Running from north to south, the Vyatka river erodes the [west radical] bank near Kotelnich. This locality is comprised by rocks of Tatarian Stage of the Upper Permian, on the boundary of the Mesozoic Era. The formation of the supercontinent Pangea had finished; the climate on the Earth was almost everywhere warm and dry, which gave numerous opportunities for the appearance of many new terrestrial forms of life.
At this time in history the Kotelnich locality was a large plain, stretching out hundreds of kilometres to the West territory the young Ural mountains, whose height could be compared with the modern Himalayas. Enormous streams with lots of fragmental rocks were directed towards a [vest] valley. Away from the mountain slopes the speed of the stream decreased. Bigger fragments (blocks of rock) fell out of the streams, followed by pebbles, sand, and at last clay with only a little sandy material, which was condensed into a thick rock termed marl. There were also seasonal climatic changes. Occasionally the inflow of sedimentary material became stronger, creating boggy, silty creeks. These formed natural traps for larger animals, like pareiasaurus. Death caught them suddenly, as unstable clays and silts held animals fast until, weakened in their attempts to become free from captivity, they were buried in the sediments.
Not all animals were immediately completely buried. Parts of big carcasses were on the surface for a time, evidenced by cracking and whitening of the bones. Carcasses also attracted small animals, which often perished near them. Exposed animals were eventually covered, becoming buried inside the sediments for many millions years.
During these years the animal’s bones were infilled by mineral compounds dissolved in the groundwater of the surrounding environment. Organic compounds are carried out of the structure of bones and are usually replaced by calcium carbonate (Ca CO3) in solution. In many cases the bones received no replacement and are entirely the original hydroxyapatite. In some cases, bones contain between 30-50% phosphate, and only partly replaced by calcite. This type of replacement creates the conditions necessary for the preservation of the smallest details of bone structure, and skin ossifications sometimes are saved. It helps to make very detailed scientific description of found species possible.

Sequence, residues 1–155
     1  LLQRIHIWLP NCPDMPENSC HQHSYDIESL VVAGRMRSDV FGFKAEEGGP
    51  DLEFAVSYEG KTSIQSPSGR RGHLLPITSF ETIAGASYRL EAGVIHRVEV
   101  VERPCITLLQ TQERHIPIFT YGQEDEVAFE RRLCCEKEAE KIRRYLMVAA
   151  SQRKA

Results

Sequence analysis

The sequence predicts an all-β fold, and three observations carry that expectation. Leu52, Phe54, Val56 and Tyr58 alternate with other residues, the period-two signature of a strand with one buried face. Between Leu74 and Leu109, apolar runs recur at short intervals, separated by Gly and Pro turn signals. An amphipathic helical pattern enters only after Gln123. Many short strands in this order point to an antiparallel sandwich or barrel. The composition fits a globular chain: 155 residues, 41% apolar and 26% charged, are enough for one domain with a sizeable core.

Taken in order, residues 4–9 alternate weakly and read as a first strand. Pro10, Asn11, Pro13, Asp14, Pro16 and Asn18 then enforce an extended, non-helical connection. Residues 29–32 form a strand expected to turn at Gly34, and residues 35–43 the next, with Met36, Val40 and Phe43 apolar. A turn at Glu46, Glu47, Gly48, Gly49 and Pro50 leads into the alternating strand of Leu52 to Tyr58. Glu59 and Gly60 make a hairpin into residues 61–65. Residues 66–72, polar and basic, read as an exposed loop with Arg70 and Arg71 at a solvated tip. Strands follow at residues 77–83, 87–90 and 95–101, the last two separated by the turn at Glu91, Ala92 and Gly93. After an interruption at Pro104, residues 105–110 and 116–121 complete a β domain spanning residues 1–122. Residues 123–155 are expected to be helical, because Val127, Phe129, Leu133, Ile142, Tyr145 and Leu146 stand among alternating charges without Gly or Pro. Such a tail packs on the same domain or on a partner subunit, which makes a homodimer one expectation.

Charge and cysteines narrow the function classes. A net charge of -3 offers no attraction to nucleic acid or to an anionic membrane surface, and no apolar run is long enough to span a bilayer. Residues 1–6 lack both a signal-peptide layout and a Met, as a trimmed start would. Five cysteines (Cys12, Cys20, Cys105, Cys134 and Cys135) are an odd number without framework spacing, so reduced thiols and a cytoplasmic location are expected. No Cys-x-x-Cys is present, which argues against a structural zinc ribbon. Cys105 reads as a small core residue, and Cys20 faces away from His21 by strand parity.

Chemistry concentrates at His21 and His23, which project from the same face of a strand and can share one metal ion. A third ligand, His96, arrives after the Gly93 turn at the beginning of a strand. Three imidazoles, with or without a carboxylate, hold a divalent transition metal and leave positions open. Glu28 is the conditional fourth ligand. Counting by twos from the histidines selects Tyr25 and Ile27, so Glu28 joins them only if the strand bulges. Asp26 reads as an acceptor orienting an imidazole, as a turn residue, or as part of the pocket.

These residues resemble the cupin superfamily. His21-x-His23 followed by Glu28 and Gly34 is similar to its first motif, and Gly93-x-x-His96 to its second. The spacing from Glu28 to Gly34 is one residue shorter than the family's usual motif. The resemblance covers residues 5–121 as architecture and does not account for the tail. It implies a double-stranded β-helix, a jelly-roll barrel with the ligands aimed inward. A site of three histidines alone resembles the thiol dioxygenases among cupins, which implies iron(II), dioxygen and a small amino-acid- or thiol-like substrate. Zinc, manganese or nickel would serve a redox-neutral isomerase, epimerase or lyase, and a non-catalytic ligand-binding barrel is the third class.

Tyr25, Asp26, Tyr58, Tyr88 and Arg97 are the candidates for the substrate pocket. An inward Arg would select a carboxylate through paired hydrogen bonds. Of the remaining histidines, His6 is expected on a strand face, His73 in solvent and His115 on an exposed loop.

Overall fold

In most cases nearly complete skeletons of pareiasaurus are found at Kotelnich. Many look like they are standing on their limbs, with their pelvis and hind limbs set into the sediment deeper than the skull and fore limbs. Frequently, the skull is slightly lifted and the fore limbs are splayed apart, making it seem that the animal tried to shovel boggy silt while trying to get out from the natural trap. Hind limbs either are firmly placed beneath the body or stretched forward. The tail bends around either to the right or to the left. Such a position shows the animal was rapidly buried at the place of its death rather than being transported by water.
Sometimes near the skeletons of pareiasaurs isolated bones to complete skeletons are found, illustrating smaller representatives of the fauna. A complete skeleton of Suminia getmanovi was found under one pareiasaur during its removal from a grey-green coloured horizon with many clay pellets. Suminia’s skull was crushed by the lower jaw bones of the pareiasaur, and two broken fangs of the predatory reptile Gorgonopsia were next to them.
In other cases the skeletons of pareiasaurus are found with the spine bent to the right or to the left. The limbs are spread apart, and the front limbs are bent back and out or under the thorax.
One of the skeletons has a complete postcranial skeleton but the skull is represented by only fragments of jaws, which were on the top of the spine. Such a type of preservation suggests that the skull of the animal, lifted above the sediments had been destroyed by scavengers. A typical pareiasaur has a well preserved hind part of the skeleton but a front represented by sun whitened bones. In one specimen the animal’s skull was found in an over turned position, next to a lower jaw. In this case as in the previous the front part of the skeleton was eroded due to surface exposure.
The clay marl has a microstrata structure under practically every pareiasaur’s skeleton. Tracks of slowly flowing water are very clearly seen.
One more type of burial sees the animal’s whole skeleton over turned. Its a rare type of preservation at Kotelnich. As a rule skeletons found in such a position are highly degraded by modern erosive processes. Complete skeletons are especially rare because in most cases many bones, especially limbs, are displaced or absent. As in the previously cases, it seems to be connected with the duration an animal’s carcass spent on the surface, leading to its destruction by decomposition and scavenging.
An interesting discovery was made in 1999 when two pareiasaur skeletons were found in a structure resembling a rounded hole within the sediment. The top skeleton was buried in an over turned position and under it, on the bottom of the hole, there was a complete skeleton with sprawling limbs and a bowed vertebral column.